Every decision, every look, every gesture, every thought, every feeling… everything can be defined at heart using two terms: love or hate. Among the infinite number of grades and degrees, we constantly plot either one course or another for our life.
This video was created for the 2010 Advertising & Design Club of Canada Awards. It taps into two channels of thinking, two attitudes fundamentally opposed, through which one interprets and colors the reality around him or her.
I find it fascinating how categories such as “love” and “hate” that are so deeply rooted in reality are able give life to all, regardless of the superficiality from which one draws upon them. Here, they are understood as attitudes or, perhaps better, perspectives. And while in employing this terms the video is able to effectively transmit a message; at the same time, we need to be careful so as to not fall into misconceptions.
The video, in my viewpoint, has a potential danger, in that it sells one of those typical messages that we find in self-help books: think happy thoughts and everything will be peachy. It is important to understand that obtaining an attitude of love is more than just an external pruning of our negative thoughts. The decision to love must take root in every dimension of the person: thoughts, feelings, and actions. Each one of these complements the other. Telling yourself repeatedly to think “positive” towards others is certainly good and helpful; nevertheless, it becomes ineffective and repressive if you never take concrete steps to discover and address what’s causing such a negative experience.
And still, we must go even further. We must frankly ask ourselves: “Why should I love?” Because it’s more pleasant? More effective? For pure duty’s sake? And what happens when the other explicitly rejects us or refuses to work to resolve the differences? To uncover the answer, we must fully perceive the significance of sin and of Christ’s overwhelming response of love that was poured out on the Cross for each and every person.
As such, with the proper clarifications, the video offers a good visual aid that allows us a glimpse into the complex world of ideas. It is always challenging to explain these experiences that are lived in the interior of the person; thus, a concrete example such as this is very helpful. The video illustrates in a clear and graphic way what the Lord asks of us every day: conversion. “Do not be conformed to this world but be transformed by the renewal of your mind…” (Romans 12:2). If we are to become other “Christs” in this world, we must begin by thinking like Christ. Wary of any idealistic illusions, each day we are invited to allow the Lord´s mentality of “love” to penetrate and transform those parts of us that trigger and fuel a mentality of “hate.”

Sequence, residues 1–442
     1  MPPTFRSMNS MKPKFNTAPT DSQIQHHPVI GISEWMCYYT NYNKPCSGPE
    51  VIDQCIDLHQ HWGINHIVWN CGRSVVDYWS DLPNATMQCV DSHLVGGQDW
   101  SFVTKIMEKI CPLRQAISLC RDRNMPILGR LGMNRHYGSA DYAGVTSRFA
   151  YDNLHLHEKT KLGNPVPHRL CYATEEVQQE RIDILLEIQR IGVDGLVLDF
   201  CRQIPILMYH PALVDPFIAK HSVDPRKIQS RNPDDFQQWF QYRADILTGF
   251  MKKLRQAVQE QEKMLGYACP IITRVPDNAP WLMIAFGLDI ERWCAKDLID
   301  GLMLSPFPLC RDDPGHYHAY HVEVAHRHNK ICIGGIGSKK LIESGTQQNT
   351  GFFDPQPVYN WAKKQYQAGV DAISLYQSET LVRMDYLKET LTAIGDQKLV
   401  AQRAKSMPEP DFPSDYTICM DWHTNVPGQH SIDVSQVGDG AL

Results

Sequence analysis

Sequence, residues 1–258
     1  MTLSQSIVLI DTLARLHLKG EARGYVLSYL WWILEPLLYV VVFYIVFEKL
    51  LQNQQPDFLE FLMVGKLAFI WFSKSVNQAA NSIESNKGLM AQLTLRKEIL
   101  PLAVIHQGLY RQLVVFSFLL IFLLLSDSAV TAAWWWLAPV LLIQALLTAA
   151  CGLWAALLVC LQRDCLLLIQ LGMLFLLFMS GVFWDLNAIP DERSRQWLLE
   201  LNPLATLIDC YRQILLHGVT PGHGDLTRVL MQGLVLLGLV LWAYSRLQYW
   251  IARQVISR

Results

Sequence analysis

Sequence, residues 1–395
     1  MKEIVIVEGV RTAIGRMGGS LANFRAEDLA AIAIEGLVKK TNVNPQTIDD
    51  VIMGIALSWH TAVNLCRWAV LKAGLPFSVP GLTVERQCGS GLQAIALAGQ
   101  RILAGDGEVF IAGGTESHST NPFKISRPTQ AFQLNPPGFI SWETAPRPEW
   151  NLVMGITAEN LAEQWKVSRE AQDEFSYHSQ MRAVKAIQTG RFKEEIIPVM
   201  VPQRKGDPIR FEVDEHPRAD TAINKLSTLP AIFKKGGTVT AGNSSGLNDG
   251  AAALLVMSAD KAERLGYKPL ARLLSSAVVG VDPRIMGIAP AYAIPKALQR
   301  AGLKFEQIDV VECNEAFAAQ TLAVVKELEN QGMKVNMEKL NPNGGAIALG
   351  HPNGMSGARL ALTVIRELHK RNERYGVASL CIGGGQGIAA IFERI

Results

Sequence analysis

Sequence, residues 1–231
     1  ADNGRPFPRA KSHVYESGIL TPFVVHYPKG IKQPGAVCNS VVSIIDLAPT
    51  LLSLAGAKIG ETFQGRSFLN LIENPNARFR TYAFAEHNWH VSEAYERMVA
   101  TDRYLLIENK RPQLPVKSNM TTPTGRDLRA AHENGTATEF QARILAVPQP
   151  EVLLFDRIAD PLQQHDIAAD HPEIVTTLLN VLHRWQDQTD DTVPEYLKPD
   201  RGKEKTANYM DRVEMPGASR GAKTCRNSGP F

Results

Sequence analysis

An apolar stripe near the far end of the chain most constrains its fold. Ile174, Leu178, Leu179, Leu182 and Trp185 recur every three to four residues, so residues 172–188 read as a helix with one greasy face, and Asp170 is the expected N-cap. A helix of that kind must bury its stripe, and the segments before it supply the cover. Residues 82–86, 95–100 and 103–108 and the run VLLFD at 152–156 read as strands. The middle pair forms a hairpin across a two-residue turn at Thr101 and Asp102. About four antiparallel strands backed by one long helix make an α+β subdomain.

I would also suggest clarifying that many times our thoughts can’t be decisively categorized as ones of “love” or “hate.” There are an infinite number of shades in between, and the goal isn’t to absorb oneself in constant self-analysis but rather to embark upon a coherent and progressive path towards renewing our minds.
I’ll end with a quote from Verbum Domini, 87. Pope Benedict points out the primary source from which we may put on “the mind of Christ,” namely, the word of God.
Saint Paul tells us: “Do not be conformed to this world, but be transformed by the renewal of your mind, that you may prove what is the will of God, what is good and acceptable and perfect” (12:2). Contemplation aims at creating within us a truly wise and discerning vision of reality, as God sees it, and at forming within us “the mind of Christ” (1 Cor 2:16). The word of God appears here as a criterion for discernment: it is “living and active, sharper than any two-edged sword, piercing to the division of soul and spirit, of joints and marrow, and discerning the thoughts and intentions of the heart” (Heb 4:12). – Verbum Domini 87, Benedict XVI